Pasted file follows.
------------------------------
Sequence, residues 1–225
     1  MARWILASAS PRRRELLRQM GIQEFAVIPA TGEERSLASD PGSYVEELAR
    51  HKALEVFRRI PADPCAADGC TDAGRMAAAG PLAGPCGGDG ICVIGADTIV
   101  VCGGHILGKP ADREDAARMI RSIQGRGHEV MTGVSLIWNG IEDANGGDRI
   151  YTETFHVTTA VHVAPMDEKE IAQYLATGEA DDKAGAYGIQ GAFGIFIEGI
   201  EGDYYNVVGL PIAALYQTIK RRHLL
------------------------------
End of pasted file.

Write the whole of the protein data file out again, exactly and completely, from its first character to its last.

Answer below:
Sequence, residues 1–225
     1  MARWILASAS PRRRELLRQM GIQEFAVIPA TGEERSLASD PGSYVEELAR
    51  HKALEVFRRI PADPCAADGC TDAGRMAAAG PLAGPCGGDG ICVIGADTIV
   101  VCGGHILGKP ADREDAARMI RSIQGRGHEV MTGVSLIWNG IEDANGGDRI
   151  YTETFHVTTA VHVAPMDEKE IAQYLATGEA DDKAGAYGIQ GAFGIFIEGI
   201  EGDYYNVVGL PIAALYQTIK RRHLL